MR. FLEISCHER: Because this is the nature of intelligence information. This intelligence information was included in the NIE; it was part of the information that was being discussed widely in intelligence circles. There was a consensus agreement that supported the NIE with the footnoted objection from the State Department.
Q Does the President consider the matter closed now? With the President — with Director Tenet’s letter, does the President consider the matter closed?
MR. FLEISCHER: Yes, the President has moved on. And I think, frankly, much of the country has moved on, as well.
July 14, 2003: Ari’s final gaggle.
Q So despite that red flag, this idea came back in draft of the State of the Union. You just said it was because it was contained in the NIE. The NIE had a footnote saying this information was highly dubious. Who on the President’s staff would let him say something that the State Department had said was highly dubious?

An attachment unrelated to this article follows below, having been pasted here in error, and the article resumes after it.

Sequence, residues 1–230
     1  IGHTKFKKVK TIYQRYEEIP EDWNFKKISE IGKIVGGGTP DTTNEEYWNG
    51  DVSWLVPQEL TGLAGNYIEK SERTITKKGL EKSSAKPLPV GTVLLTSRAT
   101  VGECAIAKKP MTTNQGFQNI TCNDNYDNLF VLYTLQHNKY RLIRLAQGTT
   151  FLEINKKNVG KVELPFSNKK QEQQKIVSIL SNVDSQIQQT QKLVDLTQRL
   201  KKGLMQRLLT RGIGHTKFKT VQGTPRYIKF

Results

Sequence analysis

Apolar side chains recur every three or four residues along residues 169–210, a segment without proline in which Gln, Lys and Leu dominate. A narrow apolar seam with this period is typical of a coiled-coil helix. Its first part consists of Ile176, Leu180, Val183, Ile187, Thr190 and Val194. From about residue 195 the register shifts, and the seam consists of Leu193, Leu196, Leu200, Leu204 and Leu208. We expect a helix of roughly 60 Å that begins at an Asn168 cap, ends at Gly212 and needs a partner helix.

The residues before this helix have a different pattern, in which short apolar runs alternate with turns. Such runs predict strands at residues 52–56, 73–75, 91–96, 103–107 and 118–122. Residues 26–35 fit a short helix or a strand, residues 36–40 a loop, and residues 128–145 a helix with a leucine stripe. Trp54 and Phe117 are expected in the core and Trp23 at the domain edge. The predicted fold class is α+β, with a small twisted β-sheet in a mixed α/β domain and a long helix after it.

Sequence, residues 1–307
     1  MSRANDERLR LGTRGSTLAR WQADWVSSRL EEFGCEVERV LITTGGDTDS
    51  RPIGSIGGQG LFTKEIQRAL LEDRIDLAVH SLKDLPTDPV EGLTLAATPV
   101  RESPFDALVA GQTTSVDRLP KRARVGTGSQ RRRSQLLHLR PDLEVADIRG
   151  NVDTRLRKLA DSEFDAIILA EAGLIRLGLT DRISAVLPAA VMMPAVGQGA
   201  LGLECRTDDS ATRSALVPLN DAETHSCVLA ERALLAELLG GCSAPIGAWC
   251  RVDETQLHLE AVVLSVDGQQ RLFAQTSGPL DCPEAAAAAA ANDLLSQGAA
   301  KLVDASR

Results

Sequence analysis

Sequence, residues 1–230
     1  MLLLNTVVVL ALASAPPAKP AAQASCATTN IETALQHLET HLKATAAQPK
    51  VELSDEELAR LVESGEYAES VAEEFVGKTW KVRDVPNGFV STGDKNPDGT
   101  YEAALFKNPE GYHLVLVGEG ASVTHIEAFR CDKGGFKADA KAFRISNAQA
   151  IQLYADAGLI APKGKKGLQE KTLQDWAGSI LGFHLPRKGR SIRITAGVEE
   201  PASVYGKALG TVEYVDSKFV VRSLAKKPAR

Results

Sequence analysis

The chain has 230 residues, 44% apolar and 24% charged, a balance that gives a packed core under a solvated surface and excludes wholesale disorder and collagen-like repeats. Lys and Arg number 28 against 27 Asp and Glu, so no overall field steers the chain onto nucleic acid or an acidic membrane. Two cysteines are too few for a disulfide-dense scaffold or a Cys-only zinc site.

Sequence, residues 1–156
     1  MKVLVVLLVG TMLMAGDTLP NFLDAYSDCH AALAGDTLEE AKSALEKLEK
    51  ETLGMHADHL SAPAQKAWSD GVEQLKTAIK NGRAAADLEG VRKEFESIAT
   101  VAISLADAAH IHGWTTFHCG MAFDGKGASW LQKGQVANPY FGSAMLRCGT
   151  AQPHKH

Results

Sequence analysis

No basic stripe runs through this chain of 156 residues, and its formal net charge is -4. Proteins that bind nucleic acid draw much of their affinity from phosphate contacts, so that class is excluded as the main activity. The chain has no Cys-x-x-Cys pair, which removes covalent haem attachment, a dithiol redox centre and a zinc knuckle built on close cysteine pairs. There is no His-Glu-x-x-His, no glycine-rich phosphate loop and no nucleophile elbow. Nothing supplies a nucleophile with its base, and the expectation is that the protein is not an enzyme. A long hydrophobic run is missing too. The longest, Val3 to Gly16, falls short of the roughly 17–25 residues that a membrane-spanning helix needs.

MR. FLEISCHER: Well, keep in mind, again, the process of a national intelligence estimate. There are six agencies in the United States government all involved in the intelligence community that put together the national intelligence estimate. It can be often a footnoted document where one of the six agencies will say, we have questions about it, this information may or may not be accurate. Unanimity is not always the standard for an NIE. It is an inter-agency process that lends itself to consensus — in this case, consensus from five of the six agencies involved.
We’ve been very up front, and the State Department looked at it and they came to a different conclusion. All of the rest of the entities that looked at it came to a different conclusion from State, which I think also is reflective of why Secretary Powell, who works the closest with the State Department employees, did not include it.
July 15, 2003: Little Scottie pops his cherry.